*I’ll say this right now. Johnson has the ceiling to be the top tight end in this class (including Bowers). That fact alone leads me to believe he should be graded a bit higher. But the number is the number. He has several flashes on tape combined with a historic blend of size, explosion, and speed. At this time, however, he is a better athlete than he is a football player. I felt that way after watching tape and when I saw him in person at the Senior Bowl. It looks like he is still learning his body and simply lacks some important coordination and football reaction speed. Worth the gamble because he could change an offense. Maybe a similar trajectory we have seen with Cole Kmet with the Bears.

NFL Comparison: Cole Kmet / CHI

5) Johnny Wilson – Florida State – 6’6 / 231

Grade: 77

Two-year starter. All-ACC in 2022. Wilson began his career at Arizona State where he was rarely used over two seasons. After receiving very little attention in the transfer portal, he settled in at Florida State and became an immediate weapon for their passing game, finishing as the team’s number one receiver in 2022. The downfield threat led the ACC and finished third in the country with 22 receptions of 20+ yards. The long-stride speed coming from a player with a rare combination of height, weight, and length will intrigue creative offensive minds. There are options he presents that most others simply cannot. Wilson will make the “wow” plays and he has shown signs of development from a skill set perspective. The lack of consistency from his hands on simple throws is maddening and his short area movement skills will create issues in certain situations. Whether he stays at receiver or moves to a non-traditional tight end role (a growing trend) will dictate his place on boards. There is no debating his potential to be a dangerous weapon, however.

*For the record, very few have Wilson in the tight end group. Most have him with the receivers. I see Darren Waller part II here – a former wide receiver. Wherever he is listed, he will be a guy that can be a Jimmy Graham-type red zone threat. Another guy that will need the right situation to succeed. Without the right situation, he will be a non-factor. Wilson’s size (radius) is bonkers. His long stride speed can actually get behind a secondary. He’s simply a special prospect in that we may not see another one like him for a decade-plus. If he was cleaner as a route runner with better hands, he would be a sure-thing first rounder. A team may think they can fix his shortcomings there. He could be sneaky top 45 pick for someone.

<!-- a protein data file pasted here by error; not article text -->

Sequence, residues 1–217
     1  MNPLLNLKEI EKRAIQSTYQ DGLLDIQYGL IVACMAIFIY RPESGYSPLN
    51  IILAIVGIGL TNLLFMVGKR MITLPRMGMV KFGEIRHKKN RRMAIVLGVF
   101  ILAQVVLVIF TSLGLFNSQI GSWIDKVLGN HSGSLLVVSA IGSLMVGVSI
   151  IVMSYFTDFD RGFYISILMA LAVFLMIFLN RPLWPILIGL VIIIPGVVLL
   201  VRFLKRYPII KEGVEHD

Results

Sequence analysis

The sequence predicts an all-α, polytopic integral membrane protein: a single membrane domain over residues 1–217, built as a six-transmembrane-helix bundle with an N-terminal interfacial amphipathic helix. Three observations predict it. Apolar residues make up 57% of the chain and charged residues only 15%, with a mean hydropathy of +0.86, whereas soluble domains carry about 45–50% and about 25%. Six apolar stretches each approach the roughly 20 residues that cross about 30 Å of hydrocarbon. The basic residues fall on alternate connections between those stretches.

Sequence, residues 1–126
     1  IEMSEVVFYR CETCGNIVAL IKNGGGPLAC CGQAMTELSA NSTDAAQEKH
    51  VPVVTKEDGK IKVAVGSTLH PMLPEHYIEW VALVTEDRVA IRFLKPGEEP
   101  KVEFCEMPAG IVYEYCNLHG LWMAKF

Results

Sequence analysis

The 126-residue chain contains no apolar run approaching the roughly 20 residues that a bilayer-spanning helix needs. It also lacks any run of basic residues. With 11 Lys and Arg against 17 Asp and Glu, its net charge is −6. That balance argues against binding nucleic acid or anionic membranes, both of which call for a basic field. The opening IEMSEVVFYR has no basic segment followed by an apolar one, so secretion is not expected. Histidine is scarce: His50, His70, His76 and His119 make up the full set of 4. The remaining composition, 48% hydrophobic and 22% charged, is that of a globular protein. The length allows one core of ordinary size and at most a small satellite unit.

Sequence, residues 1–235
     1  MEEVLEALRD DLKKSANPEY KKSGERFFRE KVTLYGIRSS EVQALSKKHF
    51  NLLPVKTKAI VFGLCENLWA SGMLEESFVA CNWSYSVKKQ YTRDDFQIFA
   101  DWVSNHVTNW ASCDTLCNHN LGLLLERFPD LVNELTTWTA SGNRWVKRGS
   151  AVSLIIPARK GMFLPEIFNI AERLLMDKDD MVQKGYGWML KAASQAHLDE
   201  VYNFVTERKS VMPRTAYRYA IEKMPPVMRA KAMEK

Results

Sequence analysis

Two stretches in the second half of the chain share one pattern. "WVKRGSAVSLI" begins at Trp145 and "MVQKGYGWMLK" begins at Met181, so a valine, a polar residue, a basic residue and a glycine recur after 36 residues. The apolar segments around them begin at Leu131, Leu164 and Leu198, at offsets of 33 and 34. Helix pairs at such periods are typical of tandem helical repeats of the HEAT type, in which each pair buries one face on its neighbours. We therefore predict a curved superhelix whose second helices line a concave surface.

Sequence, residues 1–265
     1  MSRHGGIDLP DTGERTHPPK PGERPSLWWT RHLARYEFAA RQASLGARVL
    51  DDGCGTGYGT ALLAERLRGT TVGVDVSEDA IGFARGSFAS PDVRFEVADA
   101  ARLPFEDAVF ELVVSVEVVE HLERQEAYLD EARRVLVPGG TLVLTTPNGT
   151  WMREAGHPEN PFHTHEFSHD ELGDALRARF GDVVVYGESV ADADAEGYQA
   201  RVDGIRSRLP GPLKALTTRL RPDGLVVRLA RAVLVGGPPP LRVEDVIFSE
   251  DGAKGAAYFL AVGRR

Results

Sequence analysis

NFL Comparison: Darren Waller / NYG

6) Jared Wiley – TCU – 6’6 / 249

Grade: 75

Three-year starter. All-Big 12 in 2023 and 2022, first team in 2023. Spent three years at Texas where he started a total of 12 games prior to transferring to TCU in 2022. He almost walked away from the game and then he needed a back surgery. Wiley came back from adversity reinvigorated and turned his career around. The battle tested, former quarterback played a versatile role, lining up in a variety of spots. The move-tight end has standout-hands, dropping just one pass over his entire career (and catching 91 of them). He is a comfortable athlete with enough speed to threaten up the seam and is quick to turn up field after the catch. While he may not handle blocking duties in-line to warrant an every down role, his size profile and ability to run routes and catch the ball will be a threat at the next level. Wiley is a receiving threat that can line up in multiple spots and provide a unique weapon for the passing game, but his strength limitations could put a hard cap on his overall effectiveness.

*Wiley has been on my radar for a couple years. I was scouting him in 2022 as if he were coming out. The return to school did not necessarily help or hurt his grade, but this tight end group as a whole is not as good as what we were working with 12 months ago. Wiley has the goods physically if you are looking for a mismatch in the passing game. Again, if NYG is going to wave goodbye to Waller, Wiley is a guy I would love to see as a replacement. He won’t block well, but if used in a role similar to Waller I see a guy that can be a difference maker. He will be there day three, too.

7) Tanner McLachlan – Arizona – 6’5 / 244

Grade: 73

Sixth-year senior. Spent four seasons at Southern Utah where he played a hybrid wide receiver/tight end role. He started for one year (spring 2021 season) and then missed the following fall while rehabbing a torn ACL. He transferred to Arizona as a walk-on and quickly earned a scholarship soon after. McLachlan is a high-effort pass catcher and run-after-catch guy that will make things happen on his own. The lack of short area agility and reaction will make things difficult for him beating man coverage and he is not strong enough to factor as a blocker. The straight line speed and improving ball skills will give him checks in boxes as a receiver, which does carry weight.

*The initial look at his game had me thinking potential day-two guy. He is a comfortable athlete with soft hands. He did not measure or test very well but there are subtle components to his game that will help get the most out of himself. The fit with NYG is similar to Wiley above – somewhat dependent on Waller retiring or sticking around. With the number of options NYG will have to build the depth of this roster day three and limited resources (picks) in their arsenal, McLachlan does not seem to have anything stand out that is worth putting into this tight end room.

8) Cade Stover – Ohio State – 6’4 / 247

Grade: 73

Two-year starter. All-Big Ten in 2023. Stover took a long and indirect route to where he is now. A former all-state basketball player that set his high school’s all-time record in both points and rebounds. He was a two-way star that began his career for the Buckeyes on the defensive side, splitting time between linebacker and defensive end. He then made the full-time move to tight end prior to 2022. Stover has been a full-time at tight end for just two seasons. His performance and skill set have steadily improved and there is more to chew off, albeit with a low ceiling to his upside stemming from average athletic traits. He projects to a solid number two tight end that can be moved around the offense and depended on weekly.